Now that we know which media and platform will rule 2014, things in technology will affect us as individual at much close quarters. PCs being replaced by tablets and mobile phones taking the form of wearable technology are some of the exciting things that we may get to see this year. Let’s take a look at what Mindshare has to predict in consumer technology and digital marketing spaces.
CONSUMER TECHNOLOGY TRENDS
1.Tablets & phablets
The web is now looking beyond PC and therefore brands must be more responsive. According to IDC, 49.2 million units of tablets were shipped in the first quarter of 2013. This base is expected to grow by 23% in 2014. Key drivers of growth include lower entry cost, versatility, portability & ease of use. As a result, for the first time in 2014, more users will access the internet via a tablet than they will a desktop PC or laptop. In this post-PC world, consumers are no longer accessing online content using a monitor, keyboard and mouse. They now have instant access to the web in a single swipe with their experience being increasingly led by gesture, touch and voice.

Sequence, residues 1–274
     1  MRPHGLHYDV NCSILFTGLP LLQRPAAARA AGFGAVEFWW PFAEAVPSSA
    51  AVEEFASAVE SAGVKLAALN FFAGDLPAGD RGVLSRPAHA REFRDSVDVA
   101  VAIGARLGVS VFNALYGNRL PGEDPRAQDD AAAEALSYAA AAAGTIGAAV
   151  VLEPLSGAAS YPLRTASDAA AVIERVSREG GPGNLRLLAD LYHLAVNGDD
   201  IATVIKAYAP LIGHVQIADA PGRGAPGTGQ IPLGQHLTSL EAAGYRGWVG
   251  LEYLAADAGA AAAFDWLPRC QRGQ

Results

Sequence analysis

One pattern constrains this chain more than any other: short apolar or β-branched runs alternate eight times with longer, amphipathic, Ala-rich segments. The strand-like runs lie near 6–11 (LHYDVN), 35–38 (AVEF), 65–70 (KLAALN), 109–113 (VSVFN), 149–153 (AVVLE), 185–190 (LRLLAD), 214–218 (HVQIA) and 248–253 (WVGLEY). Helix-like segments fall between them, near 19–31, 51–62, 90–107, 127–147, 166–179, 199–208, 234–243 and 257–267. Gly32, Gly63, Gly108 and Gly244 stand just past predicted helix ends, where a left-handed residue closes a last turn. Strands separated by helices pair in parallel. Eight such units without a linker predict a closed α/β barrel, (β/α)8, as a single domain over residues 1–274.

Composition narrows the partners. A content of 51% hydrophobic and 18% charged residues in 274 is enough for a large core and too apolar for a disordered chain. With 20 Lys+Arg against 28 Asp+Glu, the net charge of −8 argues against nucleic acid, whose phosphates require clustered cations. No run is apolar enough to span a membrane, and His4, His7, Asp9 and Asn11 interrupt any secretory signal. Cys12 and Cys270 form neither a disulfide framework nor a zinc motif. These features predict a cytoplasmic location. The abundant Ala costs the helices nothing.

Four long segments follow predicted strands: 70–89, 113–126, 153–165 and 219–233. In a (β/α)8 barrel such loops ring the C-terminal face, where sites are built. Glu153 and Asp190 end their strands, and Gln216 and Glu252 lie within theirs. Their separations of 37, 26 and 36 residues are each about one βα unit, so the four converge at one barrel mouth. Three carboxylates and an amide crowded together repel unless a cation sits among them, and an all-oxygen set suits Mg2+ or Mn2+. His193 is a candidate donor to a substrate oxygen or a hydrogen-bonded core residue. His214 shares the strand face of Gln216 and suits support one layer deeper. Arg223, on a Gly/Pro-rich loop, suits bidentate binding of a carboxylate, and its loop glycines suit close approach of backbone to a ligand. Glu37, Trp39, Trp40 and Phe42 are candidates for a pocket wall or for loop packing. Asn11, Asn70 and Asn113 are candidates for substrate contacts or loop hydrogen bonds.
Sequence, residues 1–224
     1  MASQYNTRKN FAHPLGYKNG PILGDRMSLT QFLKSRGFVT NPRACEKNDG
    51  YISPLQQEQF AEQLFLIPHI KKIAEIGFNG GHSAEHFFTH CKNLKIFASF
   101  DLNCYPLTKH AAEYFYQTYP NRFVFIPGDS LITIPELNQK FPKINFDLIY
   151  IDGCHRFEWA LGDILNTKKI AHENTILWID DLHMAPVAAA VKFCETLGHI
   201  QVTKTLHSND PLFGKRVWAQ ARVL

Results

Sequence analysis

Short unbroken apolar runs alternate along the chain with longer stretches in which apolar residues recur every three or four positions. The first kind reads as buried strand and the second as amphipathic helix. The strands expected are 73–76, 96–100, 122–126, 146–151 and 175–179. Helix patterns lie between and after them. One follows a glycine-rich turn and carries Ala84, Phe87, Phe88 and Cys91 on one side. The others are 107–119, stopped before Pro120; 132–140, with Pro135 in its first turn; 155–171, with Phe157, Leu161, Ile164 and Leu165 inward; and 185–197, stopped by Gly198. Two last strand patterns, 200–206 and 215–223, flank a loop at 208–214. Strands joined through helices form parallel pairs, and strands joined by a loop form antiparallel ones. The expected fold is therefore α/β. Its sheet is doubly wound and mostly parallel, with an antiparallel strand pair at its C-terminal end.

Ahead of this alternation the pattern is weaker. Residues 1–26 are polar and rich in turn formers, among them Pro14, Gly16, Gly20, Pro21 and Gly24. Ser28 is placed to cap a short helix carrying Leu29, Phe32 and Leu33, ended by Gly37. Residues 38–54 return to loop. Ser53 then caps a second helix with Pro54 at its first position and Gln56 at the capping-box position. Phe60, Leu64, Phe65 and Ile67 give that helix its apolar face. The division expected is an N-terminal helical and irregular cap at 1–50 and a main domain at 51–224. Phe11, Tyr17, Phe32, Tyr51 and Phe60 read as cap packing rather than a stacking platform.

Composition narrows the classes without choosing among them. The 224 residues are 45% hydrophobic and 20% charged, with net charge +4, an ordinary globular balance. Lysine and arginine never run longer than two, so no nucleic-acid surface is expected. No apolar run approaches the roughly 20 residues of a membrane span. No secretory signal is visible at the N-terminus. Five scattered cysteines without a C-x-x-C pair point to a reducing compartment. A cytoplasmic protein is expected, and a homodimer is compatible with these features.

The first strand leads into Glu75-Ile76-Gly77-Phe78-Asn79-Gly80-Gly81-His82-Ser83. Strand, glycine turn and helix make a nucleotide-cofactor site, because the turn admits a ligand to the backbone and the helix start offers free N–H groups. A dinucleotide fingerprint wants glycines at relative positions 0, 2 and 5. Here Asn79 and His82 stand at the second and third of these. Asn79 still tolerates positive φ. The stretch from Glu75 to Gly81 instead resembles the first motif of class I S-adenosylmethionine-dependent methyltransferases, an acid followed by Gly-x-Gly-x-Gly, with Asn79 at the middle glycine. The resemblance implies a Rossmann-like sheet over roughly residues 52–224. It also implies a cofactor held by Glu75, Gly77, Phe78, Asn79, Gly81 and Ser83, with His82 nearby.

The opportunity: Brands must proactively move toward a more responsive web – both in assets and advertising. Every asset, be it an eCommerce site or banner ad, must render appropriately based on the screen it is being viewed on – be that a 52” Smart TV or entry level smartphone.
Brands need to start thinking mobile/tablet-first especially when it comes to developing assets. Mindshare aims to work closely with creative agencies to develop specific creative solutions which tap into insights from the IAB research.
2. Wearable technology
A goldmine of data awaits brands who are brave enough to play in the new space. Mobile is no longer something in our hands, but on our wrists, eyes and potentially every part of our body. In 2012, the global number of wearable smart devices stood at 8.3 million. By 2017, this is set to increase to 64 million.
Wearable technologies include smart glasses (Google Glass), smart watches (Samsung Galaxy Gear, I’m Watch) fitness trackers (Fitbit, Jawbone, Nike+ Fuelband) and a range of other bracelets (WristQue), headbands (Muse) & earbuds (Valencell) Google Glass has already revealed its second generation of devices – with an aim to reduce any need for a search query and to surface the information for you when you need it based on your location, context and time. The Glass Project is directly linked to Google’s vision of bringing technology closer to a user’s senses.